When multiclassing, it seems possible to start at a level 0 of the secondary class. Thus the narrative feel more like training, and the mechanics add on more smoothly, while dips for a level 1 feature an additional level away.

Look, if the goal is to both give new players a slower on-ramp and give more experienced a quicker path to their fully realized character, which group should be asked to do something other than start at level one? Either way it’s the same thing, with different labels attached to the levels. So who gets the irregular labels? Do we ask beginning players to understand these funny levels that don’t fit the pattern of 1, 2, 3, etc.? Or do we ask veterans, who understand what they are doing, to skip ahead to 3?
A game is for its gameplayers. Teaching a game is a separate consideration. The "normal" level 1, needs to be whatever the experienced players feel should be normal. Albeit a roleplaying game does well to accommodate different playstyles as much as possible.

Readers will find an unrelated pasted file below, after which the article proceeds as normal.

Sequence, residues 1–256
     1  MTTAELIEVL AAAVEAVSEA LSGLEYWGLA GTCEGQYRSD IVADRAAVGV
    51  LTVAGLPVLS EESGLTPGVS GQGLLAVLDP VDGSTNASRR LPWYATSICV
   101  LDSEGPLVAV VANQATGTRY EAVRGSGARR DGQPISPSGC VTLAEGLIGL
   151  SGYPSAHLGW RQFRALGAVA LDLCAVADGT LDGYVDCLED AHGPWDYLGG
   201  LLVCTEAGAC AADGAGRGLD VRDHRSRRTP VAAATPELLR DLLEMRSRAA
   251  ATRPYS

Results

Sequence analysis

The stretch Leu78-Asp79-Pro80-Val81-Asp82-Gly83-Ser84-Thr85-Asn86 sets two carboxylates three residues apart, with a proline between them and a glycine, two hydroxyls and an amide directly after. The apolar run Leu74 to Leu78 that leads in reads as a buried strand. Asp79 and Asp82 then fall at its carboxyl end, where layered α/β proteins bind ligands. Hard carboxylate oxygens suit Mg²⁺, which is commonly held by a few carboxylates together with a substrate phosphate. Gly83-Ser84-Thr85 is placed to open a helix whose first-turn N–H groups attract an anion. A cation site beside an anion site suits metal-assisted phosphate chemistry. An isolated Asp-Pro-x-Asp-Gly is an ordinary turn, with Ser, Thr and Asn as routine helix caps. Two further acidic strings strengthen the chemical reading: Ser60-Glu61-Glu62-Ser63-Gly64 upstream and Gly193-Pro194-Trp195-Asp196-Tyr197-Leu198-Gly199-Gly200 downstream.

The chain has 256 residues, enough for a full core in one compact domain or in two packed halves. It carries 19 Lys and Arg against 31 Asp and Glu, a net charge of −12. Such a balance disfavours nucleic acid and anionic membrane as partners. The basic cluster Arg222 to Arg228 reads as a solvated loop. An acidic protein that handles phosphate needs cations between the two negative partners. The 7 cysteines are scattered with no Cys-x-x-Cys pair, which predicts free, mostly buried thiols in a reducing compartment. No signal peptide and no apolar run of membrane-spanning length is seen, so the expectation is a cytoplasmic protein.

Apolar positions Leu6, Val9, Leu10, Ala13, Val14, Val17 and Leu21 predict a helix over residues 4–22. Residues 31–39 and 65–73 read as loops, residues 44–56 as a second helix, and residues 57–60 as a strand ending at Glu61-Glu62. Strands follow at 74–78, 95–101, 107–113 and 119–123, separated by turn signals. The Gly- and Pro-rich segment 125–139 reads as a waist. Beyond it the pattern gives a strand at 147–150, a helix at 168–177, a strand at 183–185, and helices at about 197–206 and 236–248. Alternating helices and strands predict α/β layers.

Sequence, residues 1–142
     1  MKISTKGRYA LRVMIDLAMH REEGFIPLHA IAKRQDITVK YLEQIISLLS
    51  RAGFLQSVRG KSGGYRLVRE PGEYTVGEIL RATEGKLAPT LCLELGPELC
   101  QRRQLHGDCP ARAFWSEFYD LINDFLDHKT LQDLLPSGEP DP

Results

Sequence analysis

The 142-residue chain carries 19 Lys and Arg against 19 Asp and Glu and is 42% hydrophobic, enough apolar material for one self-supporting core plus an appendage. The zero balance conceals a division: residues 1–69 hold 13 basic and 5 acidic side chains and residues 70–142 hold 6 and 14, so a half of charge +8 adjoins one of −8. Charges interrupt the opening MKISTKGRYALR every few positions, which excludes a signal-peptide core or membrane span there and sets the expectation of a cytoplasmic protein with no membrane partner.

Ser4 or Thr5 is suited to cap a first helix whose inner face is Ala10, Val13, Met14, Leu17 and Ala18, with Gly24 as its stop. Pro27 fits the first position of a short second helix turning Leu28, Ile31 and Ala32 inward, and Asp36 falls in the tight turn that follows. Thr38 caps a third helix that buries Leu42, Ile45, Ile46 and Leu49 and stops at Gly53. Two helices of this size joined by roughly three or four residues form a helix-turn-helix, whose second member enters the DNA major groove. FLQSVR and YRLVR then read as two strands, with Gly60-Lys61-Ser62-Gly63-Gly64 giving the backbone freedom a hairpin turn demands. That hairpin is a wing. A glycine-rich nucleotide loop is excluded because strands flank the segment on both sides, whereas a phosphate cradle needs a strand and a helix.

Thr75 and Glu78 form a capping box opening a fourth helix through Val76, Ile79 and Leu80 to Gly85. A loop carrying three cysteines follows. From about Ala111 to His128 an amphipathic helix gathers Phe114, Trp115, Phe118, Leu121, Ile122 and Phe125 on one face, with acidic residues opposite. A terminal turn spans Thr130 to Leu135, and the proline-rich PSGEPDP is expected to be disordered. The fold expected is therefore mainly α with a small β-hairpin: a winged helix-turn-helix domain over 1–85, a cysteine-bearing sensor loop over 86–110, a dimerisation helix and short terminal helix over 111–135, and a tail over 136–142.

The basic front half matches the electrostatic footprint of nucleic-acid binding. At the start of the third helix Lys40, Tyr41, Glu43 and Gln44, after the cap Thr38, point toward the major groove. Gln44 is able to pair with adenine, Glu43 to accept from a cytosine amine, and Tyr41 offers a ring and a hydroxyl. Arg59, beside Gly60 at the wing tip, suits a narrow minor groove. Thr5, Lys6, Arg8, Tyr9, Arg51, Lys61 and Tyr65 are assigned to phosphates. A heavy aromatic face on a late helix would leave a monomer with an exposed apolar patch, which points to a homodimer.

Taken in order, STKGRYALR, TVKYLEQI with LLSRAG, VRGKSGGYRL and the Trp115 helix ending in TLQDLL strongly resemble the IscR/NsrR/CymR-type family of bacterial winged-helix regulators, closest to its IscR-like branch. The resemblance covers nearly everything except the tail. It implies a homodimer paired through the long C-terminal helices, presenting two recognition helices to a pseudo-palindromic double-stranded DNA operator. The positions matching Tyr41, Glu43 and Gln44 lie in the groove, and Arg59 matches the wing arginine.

I feel strongly, the subclass is the essential aspect of a character concept, and must be actualizable at level 1. Level 1 must allow for a comprehensive character concept, even when looking forward to further advancing this concept at higher levels.

The solution is to unpack the zero levels, for use by players who prefer undeveloped character concepts.

I like many of your thoughts about level 0, and I would still not want to be locked into a subclass from level 1. Maybe I was thinking Scout, but as it turns out when I play this tiefling rogue she wants to be a Swashbuckler.